Fourth, an inquiry needs a generous timeframe, guaranteed funding and excellent staff. The size of the task involved has meant that every commission to date has run over time. Further, a strong Chair is essential to manage the administration and develop the necessary rapport with both government and survivors. In nearly every overseas commission, the founding Chair and/or other Commissioners has stepped down before completing the inquiry. In Britain, Justice Lowell Goddard was the third Chair to step down before the inquiry really started. A good Chair needs to have a command of the relevant law and the confidence of both survivors and government. Retired judges are often good choices as they can combine the necessary gravitas, reputation for independence and experience with dealing with victims of crime.
Fifth, survivors need ‘wraparound’ support. Testifying to abuse puts survivors at a very high risk of re-traumatization. Therefore, not only do the commissioners, lawyers, and psychologists need to be trauma-informed, survivors need ongoing support. Time-limited counselling is unlikely to be sufficient.
Sixth, the inquiry must bridge two tasks that are in an inevitable tension. On one hand, the job of a public inquiry is to investigate a pattern of behaviour or events and provide the government with public report detailing their findings and making appropriate recommendations. This task is necessarily public. However, these inquiries also enable survivors to tell their story. This process of truth-telling can be searingly private. To manage the tension between these public and private demands, overseas inquiries often operate two different forums, one private and one public. In the first, private forum, a survivor can tell their story to a commissioner in confidence. This forum offers survivors a safe and non-judgmental space. At the same time, the inquiry’s legalistic public hearings aim to weigh evidence. Both processes are important as survivors need a safe space to relate their experiences and the opportunity to see those responsible, church and state officials, made publicly accountable.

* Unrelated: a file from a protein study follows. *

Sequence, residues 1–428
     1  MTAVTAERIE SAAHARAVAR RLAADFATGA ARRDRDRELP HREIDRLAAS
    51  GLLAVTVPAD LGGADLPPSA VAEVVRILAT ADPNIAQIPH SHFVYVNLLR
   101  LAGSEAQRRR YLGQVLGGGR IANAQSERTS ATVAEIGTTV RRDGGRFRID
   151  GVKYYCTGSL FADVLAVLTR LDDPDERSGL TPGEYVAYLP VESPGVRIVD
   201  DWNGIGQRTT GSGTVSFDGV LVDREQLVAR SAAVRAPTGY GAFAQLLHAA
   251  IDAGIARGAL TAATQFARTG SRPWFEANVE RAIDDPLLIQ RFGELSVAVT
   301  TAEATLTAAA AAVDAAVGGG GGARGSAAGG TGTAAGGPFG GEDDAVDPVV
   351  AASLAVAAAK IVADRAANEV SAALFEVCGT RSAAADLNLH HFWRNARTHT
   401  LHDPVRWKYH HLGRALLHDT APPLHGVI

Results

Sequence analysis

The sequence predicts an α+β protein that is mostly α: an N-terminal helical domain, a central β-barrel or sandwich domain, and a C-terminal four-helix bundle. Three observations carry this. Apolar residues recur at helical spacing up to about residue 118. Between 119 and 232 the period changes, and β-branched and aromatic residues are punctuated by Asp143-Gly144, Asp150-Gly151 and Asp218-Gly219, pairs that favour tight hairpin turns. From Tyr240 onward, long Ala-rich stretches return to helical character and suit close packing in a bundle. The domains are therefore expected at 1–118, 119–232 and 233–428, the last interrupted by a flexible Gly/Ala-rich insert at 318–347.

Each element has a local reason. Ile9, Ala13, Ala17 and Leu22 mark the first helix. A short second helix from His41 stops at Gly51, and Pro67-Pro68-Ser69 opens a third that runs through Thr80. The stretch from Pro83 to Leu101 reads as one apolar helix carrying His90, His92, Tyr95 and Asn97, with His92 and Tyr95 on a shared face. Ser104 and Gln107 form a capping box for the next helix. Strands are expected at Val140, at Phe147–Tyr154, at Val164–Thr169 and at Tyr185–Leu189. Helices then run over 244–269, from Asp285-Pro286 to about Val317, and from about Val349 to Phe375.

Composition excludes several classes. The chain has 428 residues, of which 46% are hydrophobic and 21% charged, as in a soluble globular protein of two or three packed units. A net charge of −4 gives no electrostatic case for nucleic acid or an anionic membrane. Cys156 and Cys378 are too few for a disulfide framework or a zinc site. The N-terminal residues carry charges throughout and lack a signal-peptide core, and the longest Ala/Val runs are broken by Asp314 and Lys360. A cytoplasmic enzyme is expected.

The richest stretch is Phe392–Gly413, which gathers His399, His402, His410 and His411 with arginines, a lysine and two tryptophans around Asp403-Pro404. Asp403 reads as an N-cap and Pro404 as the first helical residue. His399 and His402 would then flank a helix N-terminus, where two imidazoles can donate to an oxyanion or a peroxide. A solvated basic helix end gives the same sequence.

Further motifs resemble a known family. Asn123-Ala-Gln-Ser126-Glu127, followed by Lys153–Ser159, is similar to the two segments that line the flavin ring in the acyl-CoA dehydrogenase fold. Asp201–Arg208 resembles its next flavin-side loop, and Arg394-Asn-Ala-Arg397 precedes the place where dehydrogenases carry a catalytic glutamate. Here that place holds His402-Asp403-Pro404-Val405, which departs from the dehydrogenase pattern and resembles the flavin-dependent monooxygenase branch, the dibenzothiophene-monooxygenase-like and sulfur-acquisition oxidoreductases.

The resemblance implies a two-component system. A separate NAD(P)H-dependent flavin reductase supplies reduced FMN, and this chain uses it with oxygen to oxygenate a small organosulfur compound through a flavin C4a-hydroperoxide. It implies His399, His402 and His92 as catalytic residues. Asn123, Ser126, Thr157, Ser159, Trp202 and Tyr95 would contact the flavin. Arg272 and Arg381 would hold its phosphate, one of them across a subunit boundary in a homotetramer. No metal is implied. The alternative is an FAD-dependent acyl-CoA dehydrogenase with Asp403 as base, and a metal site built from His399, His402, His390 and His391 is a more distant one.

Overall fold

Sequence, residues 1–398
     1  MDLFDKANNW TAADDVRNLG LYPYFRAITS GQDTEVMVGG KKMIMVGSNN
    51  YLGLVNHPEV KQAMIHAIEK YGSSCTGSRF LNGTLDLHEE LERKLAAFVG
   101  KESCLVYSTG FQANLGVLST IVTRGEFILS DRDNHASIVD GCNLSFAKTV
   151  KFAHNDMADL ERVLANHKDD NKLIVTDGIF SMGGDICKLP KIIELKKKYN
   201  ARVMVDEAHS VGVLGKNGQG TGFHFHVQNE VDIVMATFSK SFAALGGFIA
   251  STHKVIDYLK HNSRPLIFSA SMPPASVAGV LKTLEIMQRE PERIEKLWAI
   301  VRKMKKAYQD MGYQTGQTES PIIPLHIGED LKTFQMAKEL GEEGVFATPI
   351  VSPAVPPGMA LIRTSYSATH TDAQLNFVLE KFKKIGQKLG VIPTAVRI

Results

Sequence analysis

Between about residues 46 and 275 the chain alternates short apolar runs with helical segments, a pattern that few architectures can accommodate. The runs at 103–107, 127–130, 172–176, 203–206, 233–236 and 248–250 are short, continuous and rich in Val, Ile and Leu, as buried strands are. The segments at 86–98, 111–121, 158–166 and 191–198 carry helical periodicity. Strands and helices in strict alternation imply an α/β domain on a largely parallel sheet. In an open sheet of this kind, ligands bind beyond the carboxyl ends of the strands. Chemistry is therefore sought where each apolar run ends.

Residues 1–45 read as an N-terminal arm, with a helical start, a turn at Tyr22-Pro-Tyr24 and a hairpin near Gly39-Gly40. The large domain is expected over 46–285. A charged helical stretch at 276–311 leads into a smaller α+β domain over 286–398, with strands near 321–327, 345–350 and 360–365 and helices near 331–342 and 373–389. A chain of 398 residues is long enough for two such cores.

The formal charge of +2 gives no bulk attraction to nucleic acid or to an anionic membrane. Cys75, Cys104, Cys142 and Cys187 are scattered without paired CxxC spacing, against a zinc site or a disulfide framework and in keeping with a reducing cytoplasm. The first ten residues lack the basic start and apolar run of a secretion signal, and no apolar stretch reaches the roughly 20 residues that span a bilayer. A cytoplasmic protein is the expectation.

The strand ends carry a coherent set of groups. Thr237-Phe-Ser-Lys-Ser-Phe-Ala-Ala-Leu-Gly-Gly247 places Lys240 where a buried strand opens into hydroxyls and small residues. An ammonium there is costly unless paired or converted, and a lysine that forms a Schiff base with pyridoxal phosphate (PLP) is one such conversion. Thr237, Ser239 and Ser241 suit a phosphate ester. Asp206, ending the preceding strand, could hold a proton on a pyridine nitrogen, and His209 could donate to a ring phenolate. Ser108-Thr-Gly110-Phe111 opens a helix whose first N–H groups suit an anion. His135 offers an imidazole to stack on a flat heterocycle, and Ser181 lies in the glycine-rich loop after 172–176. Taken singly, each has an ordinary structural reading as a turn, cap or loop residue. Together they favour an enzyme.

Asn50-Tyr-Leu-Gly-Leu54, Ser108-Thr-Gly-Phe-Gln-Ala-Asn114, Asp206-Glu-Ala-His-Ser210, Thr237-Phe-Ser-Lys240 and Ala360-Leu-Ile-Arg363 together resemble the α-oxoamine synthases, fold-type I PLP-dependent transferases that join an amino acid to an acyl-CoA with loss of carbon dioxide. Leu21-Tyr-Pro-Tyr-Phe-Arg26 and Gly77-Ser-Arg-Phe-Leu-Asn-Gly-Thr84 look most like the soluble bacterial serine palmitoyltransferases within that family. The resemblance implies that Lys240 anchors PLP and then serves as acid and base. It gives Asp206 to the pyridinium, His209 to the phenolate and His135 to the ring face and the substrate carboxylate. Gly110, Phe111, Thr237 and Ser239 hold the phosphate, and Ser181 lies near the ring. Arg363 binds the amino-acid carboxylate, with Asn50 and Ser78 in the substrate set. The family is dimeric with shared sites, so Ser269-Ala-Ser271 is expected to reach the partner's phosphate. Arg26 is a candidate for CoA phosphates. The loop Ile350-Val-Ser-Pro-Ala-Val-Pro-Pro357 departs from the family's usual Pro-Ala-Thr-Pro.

In sum, the development of a public inquiry into abusive institutions is fraught with potential difficulties and tensions. Competing demands of survivors and government can close down the effective space these inquiries need to operate. Keeping that space open requires both governmental and survivor ‘buy-in’. To that end, survivor-involvement in the development of the inquiry and its operation can be key to its success. My research emphasises the benefits of survivor agency and control: the process of inquiry must not become another thing being-done-to survivors. Yet at the same time, the government must not see the inquiry as hostile, for it will then have an incentive to starve the inquiry of necessary information and funding. Finding and occupying the middle ground will be key to a successful New Zealand inquiry.
Dr. Stephen Winter is a Senior Lecturer in Politics and International Relations at the University of Auckland.
Featured image found at http://www.listening.govt.nz